PABLO – From this point forward, Kerr Dam on the Flathead River has a new name: Salish-Kootenai Dam.

“We decided to name it after the new owners,” said Confederated Salish and Kootenai Tribes chairman Vernon Finley.

On Saturday, CSKT held a celebration at the Joe McDonald Health and Fitness Center of Salish Kootenai College in Pablo to commemorate the tribes’ official takeover as owners of the dam, after paying nearly $18.3 million to NorthWestern Energy to acquire the facility.

Finley said when the dam was built in the 1930s, the chiefs of the tribe at the time realized it would be coming “with or without our consent,” as no tribal government existed, and tried to have it happen in a way with the least impact on their people.

“Even though the day is cause for celebration, it's cause for sorrow and mourning of what was lost as well,” he said.

On Friday, U.S. District Court Judge Rudolph Contreras denied a temporary restraining order on the sale that was sought through a lawsuit filed Thursday.

NorthWestern Energy purchased Kerr Dam and 10 other hydroelectric facilities from PPL Montana earlier in the year, knowing the license to operate the dam would be transferring to CSKT in September.


Kevin Howlett was a member of the Tribal Council in 1985 when the decision was made to have the tribes become a partner agency in the dam and when they secured an option to buy the facility outright this year.

“There was a lot of ambivalence at the time. A lot of could we, would we hold true,” Howlett said.

Since that time, CSKT has put more than $500,000 per year into the fund set aside for the eventual purchase of the dam.

“Leadership is not about just addressing today’s issues, it’s about formulating strategies going forward,” Howlett said.

In 2014, the tribes and PPL Montana went through arbitration to set the price for the dam’s sale. Although $18.3 million is about $3.5 million more than what CSKT had estimated for the cost, it is more than $30 million less than PPL Montana had set as its valuation.

State, Lake County and Polson School District officials are in discussions with CSKT on potential ways to offset about $1 million in tax revenue annually that will go away now that the tribes own the dam.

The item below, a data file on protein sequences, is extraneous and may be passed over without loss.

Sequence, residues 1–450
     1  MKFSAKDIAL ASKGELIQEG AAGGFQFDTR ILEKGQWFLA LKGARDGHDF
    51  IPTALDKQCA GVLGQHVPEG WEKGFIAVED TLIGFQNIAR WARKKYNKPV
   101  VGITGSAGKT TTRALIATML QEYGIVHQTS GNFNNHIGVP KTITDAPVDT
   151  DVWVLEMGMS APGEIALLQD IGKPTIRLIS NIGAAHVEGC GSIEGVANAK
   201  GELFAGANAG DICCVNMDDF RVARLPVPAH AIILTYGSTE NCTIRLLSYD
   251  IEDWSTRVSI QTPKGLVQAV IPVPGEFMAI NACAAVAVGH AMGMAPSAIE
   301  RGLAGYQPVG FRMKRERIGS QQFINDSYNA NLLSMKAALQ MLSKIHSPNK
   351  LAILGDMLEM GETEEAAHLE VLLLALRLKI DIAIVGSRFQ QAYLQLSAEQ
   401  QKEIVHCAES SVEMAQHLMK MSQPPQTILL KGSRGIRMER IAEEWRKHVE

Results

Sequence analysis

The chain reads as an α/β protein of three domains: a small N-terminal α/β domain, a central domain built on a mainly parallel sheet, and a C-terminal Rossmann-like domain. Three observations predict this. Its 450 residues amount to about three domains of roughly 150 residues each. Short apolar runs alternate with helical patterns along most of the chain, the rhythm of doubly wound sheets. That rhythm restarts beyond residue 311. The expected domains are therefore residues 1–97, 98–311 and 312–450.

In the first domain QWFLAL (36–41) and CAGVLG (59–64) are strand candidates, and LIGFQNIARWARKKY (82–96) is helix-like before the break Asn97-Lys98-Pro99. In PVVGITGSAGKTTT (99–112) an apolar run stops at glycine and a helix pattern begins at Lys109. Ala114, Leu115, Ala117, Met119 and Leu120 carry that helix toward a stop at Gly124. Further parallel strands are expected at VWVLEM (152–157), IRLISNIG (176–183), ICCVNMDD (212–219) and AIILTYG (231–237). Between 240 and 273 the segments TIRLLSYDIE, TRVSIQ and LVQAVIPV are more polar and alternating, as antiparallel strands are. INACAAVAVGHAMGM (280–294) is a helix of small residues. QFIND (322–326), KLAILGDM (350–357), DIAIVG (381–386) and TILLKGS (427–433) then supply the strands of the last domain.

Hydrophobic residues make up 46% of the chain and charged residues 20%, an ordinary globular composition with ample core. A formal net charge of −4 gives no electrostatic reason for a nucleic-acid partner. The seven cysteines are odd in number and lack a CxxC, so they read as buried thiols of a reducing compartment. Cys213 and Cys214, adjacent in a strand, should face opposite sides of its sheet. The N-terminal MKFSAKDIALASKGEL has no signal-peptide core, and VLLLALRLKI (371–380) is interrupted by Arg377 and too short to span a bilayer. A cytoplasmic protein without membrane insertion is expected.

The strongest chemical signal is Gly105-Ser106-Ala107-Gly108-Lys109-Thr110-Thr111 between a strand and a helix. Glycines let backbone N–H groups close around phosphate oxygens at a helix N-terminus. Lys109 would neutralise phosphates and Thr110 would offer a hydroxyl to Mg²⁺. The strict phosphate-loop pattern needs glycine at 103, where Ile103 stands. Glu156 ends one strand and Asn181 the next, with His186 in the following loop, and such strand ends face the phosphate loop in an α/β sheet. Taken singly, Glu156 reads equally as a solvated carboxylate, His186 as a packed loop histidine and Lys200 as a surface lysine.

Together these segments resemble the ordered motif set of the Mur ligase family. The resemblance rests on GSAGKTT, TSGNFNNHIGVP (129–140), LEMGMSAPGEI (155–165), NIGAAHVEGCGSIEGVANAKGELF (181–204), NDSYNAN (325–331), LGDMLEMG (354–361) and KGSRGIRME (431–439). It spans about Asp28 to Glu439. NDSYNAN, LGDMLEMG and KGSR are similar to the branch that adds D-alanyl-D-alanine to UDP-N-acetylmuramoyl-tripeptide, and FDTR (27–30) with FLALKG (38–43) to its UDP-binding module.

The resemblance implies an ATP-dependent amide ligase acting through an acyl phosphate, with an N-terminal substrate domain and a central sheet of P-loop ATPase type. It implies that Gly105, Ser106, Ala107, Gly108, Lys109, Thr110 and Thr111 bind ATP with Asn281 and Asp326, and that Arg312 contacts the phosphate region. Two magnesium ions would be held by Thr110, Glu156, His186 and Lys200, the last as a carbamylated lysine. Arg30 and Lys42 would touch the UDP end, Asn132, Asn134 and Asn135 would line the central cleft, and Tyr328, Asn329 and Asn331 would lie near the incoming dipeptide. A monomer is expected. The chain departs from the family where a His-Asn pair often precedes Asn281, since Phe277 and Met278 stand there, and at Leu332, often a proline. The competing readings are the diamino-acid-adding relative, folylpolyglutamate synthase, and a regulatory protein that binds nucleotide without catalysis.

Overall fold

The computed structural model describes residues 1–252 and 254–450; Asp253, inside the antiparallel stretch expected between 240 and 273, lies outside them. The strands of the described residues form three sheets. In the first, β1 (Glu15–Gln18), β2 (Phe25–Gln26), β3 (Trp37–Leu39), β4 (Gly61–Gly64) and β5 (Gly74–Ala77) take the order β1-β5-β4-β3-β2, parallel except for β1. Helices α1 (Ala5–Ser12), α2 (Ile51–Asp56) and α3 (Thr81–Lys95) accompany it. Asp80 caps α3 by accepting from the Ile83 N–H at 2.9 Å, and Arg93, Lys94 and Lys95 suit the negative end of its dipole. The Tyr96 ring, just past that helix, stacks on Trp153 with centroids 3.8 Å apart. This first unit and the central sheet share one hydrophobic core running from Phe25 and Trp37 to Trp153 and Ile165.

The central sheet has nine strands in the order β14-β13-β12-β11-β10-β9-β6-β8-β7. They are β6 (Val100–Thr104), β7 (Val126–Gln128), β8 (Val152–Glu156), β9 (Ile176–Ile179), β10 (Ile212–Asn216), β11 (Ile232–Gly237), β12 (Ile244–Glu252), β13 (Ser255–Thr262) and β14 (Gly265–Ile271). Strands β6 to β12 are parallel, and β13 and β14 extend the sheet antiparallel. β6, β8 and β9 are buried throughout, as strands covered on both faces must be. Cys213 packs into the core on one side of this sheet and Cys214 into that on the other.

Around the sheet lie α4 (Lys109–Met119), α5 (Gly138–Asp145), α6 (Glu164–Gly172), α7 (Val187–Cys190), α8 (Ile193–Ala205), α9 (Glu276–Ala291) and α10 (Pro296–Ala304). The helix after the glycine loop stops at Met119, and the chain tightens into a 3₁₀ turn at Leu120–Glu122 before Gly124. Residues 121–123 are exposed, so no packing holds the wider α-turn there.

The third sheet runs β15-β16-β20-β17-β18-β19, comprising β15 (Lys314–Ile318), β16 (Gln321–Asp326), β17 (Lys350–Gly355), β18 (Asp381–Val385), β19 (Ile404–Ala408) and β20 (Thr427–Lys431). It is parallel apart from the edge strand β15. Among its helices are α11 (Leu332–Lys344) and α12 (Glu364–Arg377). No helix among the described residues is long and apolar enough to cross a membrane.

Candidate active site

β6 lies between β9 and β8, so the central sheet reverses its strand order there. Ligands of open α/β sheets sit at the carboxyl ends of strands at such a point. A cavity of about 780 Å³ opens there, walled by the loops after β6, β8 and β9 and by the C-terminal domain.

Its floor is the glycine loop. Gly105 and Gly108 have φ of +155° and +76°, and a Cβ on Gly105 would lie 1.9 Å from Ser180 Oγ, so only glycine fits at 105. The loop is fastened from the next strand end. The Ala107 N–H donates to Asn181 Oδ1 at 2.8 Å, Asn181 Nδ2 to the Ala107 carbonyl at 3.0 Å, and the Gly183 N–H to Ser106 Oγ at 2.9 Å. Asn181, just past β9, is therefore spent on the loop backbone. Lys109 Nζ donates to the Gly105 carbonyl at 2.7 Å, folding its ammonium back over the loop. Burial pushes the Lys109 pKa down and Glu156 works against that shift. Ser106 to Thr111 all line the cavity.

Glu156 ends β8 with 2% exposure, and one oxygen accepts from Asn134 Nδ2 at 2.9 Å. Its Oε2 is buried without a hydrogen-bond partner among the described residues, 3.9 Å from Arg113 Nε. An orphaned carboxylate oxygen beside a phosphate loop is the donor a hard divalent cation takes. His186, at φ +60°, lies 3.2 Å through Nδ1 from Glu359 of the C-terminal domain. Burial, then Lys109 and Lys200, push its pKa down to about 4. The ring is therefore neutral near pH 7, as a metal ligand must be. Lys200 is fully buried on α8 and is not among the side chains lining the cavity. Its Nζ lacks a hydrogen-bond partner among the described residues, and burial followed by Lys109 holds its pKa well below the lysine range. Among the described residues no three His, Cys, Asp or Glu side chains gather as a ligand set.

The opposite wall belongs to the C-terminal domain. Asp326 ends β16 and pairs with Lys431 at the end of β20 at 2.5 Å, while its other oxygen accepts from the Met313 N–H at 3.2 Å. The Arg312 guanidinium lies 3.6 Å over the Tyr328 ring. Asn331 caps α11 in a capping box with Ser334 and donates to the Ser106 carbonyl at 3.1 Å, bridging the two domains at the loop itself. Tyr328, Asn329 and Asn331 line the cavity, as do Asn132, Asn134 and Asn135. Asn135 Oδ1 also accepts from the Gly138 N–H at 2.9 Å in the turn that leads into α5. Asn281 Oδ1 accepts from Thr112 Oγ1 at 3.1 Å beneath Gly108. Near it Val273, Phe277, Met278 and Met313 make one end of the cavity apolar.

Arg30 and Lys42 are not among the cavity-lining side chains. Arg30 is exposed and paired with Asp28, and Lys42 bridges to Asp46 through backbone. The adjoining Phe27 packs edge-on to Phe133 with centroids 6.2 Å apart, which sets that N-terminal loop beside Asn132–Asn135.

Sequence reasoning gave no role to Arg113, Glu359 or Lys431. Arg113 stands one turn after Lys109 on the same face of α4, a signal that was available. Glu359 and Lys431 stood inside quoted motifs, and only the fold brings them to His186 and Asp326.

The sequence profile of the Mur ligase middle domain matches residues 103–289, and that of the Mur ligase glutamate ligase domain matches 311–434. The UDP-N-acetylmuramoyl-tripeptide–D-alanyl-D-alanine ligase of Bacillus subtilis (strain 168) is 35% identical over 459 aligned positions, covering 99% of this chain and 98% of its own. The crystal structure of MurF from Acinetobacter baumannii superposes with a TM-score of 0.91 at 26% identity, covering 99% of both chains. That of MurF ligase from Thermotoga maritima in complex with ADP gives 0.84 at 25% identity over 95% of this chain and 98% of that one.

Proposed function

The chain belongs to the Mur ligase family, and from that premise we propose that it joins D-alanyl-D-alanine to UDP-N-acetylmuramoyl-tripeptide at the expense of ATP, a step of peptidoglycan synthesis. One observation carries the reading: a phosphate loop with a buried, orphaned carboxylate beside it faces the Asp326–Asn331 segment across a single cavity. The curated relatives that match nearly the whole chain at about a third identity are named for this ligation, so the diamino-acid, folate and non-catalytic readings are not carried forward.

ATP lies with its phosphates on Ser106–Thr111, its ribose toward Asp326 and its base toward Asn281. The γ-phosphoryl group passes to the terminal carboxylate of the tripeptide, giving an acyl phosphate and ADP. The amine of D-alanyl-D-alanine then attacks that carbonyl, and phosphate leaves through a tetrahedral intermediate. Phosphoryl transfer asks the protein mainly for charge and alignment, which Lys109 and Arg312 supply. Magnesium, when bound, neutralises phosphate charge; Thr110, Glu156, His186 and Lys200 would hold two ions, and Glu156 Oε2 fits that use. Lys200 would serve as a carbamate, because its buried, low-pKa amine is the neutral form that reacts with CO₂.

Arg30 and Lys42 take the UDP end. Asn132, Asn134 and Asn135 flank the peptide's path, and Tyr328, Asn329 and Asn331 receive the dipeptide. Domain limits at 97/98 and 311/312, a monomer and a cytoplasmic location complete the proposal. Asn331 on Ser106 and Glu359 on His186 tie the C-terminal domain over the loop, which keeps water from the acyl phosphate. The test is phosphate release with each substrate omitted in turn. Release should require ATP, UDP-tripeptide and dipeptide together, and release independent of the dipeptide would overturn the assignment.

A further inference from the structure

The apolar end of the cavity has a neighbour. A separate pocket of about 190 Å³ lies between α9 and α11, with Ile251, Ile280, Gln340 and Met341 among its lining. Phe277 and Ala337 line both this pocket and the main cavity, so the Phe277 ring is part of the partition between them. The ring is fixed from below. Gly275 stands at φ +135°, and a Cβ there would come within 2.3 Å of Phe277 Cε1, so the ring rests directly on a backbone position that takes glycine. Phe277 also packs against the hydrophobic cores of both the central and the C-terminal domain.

In a video shown at the ceremony, Dustin Shelby, compliance manager with Energy Keepers, the tribal corporation set up to run the dam, said gaining ownership is “probably the most prominent exercise of the tribes’ sovereignty.”

“It’s an effort to regain what we lost in the process,” he said. “This is where the struggle starts to transform into hope.”

In his section of the video, in which several tribal members were interviewed on the importance of CSKT taking ownership of the dam, Howlett said it not only provides economic stability, but environmental protections as well.

Teresa Wall McDonald, another member of the Tribal Council in 1985, called the move “unprecedented in Indian country.”

“It is a dream that is fulfilled,” she said.

Finley thanked all of the members of that council for their foresight and vision.

“Since then, 15 elected tribal councils have kept the dam acquisition a priority,” he said.

He said plans are coming together for a memorial for tribal members who were killed during the construction of the dam.

After a procession of current and former Tribal Council members and other honored tribal members entered the gymnasium, Tom Farrell, chairman of the Energy Keepers board, spoke to the crowd.

“We are truly honored that we have been provided this opportunity,” he said. “That transaction in itself is a milestone for the tribe.”

Since the board first began to meet in late 2012, Farrell said it has been led by four goals in how the dam will be managed: to operate it safely, minimize environmental impact, maximize return to shareholders and be a valued corporate citizen in the community and on the reservation.

“As of today, CSKT has achieved our vision of obtaining the Kerr facility,” Farrell said.

Montana lieutenant governor Angela McLean also spoke at the celebration, calling the purchase of the dam “long overdue.”

“Historic, monumental and unprecedented are all words that I have heard to describe this acquisition,” she said, noting that CSKT will be the first tribes in the country to own and operate a hydroelectric facility.

The chairman of the Federal Energy Regulatory Commission, Norman Bay, took to the podium to congratulate the tribal nations on their achievement.

“This is a tremendous, historic accomplishment,” he said.

Bay added that FERC is looking forward to talking with other tribes around the country interested in similar undertakings.

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